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Thread: Best Bridge Jig Stew Mac or Cuberland ??

  1. #1

    Default Best Bridge Jig Stew Mac or Cuberland ??

    Appreciate the feedback thx.

  2. #2

    Default Re: Best Bridge Jig Stew Mac or Cuberland ??

    if you're talking about the bridge fitting jig that fits the feet to the arch top.... its a pretty simple jig to make, either one will do the job just fine. wood or metal doesn't matter. I inherited the metal one from stewmac works great, just inherited another one made of wood and haven't had a chance to use it yet
    Jacob Hagerty, Hagerty Mandolins

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  3. #3

    Default Re: Best Bridge Jig Stew Mac or Cuberland ??

    Quote Originally Posted by Jacob Hagerty View Post
    if you're talking about the bridge fitting jig that fits the feet to the arch top.... its a pretty simple jig to make, either one will do the job just fine. wood or metal doesn't matter. I inherited the metal one from stewmac works great, just inherited another one made of wood and haven't had a chance to use it yet
    Yes thats what im talking about. I'll have to look up some homemade plans!

  4. #4
    Adrian Minarovic
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    Default Re: Best Bridge Jig Stew Mac or Cuberland ??

    Don't forget that it is most useful on new mandolins with nice smooth arches. Older mandolins have often dented or deformed tops under bridge feet and the jig won't work as nicely (just takes you close) and you have to finish fitting by hand anyway.
    Adrian

  5. #5

    Default Re: Best Bridge Jig Stew Mac or Cuberland ??

    I still do 'em by hand, doesn't really take that long. Stew Mac makes some great stuff, but keep in mind they are in the business of selling tools....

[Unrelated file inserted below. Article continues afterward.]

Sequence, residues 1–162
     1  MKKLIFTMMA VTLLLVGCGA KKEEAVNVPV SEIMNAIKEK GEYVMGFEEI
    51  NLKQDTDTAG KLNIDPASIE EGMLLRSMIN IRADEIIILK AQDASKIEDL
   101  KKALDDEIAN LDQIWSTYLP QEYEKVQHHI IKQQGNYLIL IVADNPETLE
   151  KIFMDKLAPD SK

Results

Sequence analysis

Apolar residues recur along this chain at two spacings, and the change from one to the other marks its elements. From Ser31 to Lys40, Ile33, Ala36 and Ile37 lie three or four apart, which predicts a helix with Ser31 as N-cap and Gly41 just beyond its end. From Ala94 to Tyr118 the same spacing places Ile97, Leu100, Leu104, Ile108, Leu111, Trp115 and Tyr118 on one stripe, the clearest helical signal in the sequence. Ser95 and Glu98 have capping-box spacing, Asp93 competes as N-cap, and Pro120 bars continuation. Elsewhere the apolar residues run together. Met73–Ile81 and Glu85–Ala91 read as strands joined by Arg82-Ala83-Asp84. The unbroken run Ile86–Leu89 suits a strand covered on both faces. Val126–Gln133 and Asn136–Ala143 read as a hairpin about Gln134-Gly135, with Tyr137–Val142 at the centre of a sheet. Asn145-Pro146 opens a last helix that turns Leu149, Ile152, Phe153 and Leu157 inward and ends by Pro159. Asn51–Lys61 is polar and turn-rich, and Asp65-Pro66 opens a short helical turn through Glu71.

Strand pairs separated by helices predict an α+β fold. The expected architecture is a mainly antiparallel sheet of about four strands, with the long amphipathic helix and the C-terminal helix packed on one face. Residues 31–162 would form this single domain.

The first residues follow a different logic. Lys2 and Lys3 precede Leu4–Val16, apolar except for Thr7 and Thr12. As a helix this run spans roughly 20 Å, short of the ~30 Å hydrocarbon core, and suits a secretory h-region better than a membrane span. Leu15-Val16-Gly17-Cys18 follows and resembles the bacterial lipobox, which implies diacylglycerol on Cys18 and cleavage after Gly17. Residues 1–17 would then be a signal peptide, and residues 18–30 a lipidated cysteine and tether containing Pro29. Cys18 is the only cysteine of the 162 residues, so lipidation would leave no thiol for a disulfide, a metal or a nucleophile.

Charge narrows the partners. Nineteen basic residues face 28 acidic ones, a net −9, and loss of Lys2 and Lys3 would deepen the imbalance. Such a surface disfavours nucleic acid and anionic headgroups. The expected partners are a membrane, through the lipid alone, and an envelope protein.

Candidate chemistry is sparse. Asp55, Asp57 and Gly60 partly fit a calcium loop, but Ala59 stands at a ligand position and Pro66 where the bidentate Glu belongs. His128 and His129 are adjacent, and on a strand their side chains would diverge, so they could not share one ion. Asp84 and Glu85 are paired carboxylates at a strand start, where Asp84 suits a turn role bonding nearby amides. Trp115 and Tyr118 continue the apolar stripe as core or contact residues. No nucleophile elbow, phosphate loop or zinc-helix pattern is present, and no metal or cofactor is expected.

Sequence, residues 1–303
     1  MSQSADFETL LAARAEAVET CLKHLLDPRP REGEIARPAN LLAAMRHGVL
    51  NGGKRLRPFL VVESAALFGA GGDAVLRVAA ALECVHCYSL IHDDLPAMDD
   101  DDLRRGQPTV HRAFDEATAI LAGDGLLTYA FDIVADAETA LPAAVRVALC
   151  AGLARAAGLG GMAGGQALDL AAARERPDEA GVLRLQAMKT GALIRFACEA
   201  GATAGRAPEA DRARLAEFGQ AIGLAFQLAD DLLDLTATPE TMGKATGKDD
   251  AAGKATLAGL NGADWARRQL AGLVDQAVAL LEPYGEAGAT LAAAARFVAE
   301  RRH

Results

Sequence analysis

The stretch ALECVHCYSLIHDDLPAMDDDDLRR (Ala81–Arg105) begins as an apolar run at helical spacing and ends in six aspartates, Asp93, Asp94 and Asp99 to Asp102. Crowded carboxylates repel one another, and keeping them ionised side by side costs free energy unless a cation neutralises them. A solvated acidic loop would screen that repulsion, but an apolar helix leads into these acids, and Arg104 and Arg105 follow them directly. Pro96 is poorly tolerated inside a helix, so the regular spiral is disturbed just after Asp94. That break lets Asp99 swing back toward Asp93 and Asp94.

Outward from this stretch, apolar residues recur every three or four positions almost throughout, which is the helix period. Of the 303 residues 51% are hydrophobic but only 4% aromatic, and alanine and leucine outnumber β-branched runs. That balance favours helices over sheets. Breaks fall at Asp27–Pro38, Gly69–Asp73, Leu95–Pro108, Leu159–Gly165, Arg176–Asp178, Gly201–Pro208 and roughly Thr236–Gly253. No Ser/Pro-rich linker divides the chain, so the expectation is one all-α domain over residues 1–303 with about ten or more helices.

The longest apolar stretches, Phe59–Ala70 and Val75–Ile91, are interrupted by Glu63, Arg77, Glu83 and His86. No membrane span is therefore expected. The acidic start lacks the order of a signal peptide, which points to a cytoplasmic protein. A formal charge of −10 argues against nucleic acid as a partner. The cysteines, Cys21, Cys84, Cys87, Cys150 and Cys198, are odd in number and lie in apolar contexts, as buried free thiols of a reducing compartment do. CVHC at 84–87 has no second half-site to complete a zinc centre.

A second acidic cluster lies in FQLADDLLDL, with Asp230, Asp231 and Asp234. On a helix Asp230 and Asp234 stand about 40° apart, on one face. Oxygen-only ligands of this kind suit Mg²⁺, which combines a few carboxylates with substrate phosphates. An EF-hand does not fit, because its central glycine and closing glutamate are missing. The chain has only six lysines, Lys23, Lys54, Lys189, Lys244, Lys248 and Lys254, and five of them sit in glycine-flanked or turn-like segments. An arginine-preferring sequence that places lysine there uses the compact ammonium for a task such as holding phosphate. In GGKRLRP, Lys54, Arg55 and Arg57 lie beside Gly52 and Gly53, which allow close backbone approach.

6. #6

    Default Re: Best Bridge Jig Stew Mac or Cuberland ??

    The Stew-Mac jig has you rubbing the bridge in the direction of the strings. That's fine. If the particular mandolin you're working on likes that.
    Depending on the location of the bridge, the angle of the neck (which is almost never exactly centered), the position of the tailpiece, and the shape of the arch, sometimes it's better to sand the bridge perpendicular to the top's wood grain, rather than along it. No jig gonna help you now.
    Basically, there's no jig that works for fitting all of every bridge. Learning how to do it is frustrating and time-consuming. Keep going until it fits really well. Sometimes it changes significantly under string tension. Sometimes not. There's no silver bullet.

    Sandpaper is great, but carbon paper is essential. Check where you are by carbon checking (like chalk fitting). A razor blade scraper is at least as essential as sandpaper for this.

  7. The following members say thank you to Marty Jacobson for this post:


  8. #7
    Registered User
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    Default Re: Best Bridge Jig Stew Mac or Cuberland ??

    I have the Stu Mac jig, I never use it. I go across like Marty says. Bought the jig 10 years ago, used it once, never looked back.
    THE WORLD IS A BETTER PLACE JUST FOR YOUR SMILE!

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  10. #8

    Default Re: Best Bridge Jig Stew Mac or Cuberland ??

    Oh - have we talked about how easy it is to damage an instrument's finish by putting sandpaper on it and then rubbing all over it? You may not notice it on a vintage instrument, but if you do it on a brand new instrument, you will be shocked by how many marks this process makes. If you fit with carbon paper, you won't make any scratches on the top.

  11. #9
    Moderator MikeEdgerton's Avatar
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    Default Re: Best Bridge Jig Stew Mac or Cuberland ??

    For those that might be interested and have no clue about what is being discussed here are the tools being discussed:

    https://cumberlandacoustic.com/produ...tting-fixture/

    https://www.stewmac.com/Luthier_Tool...tting_Jig.html
    "Bargain instruments are no bargains if you can't play them". These are the words of J. Garber.

  12. #10
    Registered User
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    Default Re: Best Bridge Jig Stew Mac or Cuberland ??

    The biggest drawback to the Stew-mac was the little roller wheel would crush in the spot on the spruce where it was rolling unless you did something to protect it.

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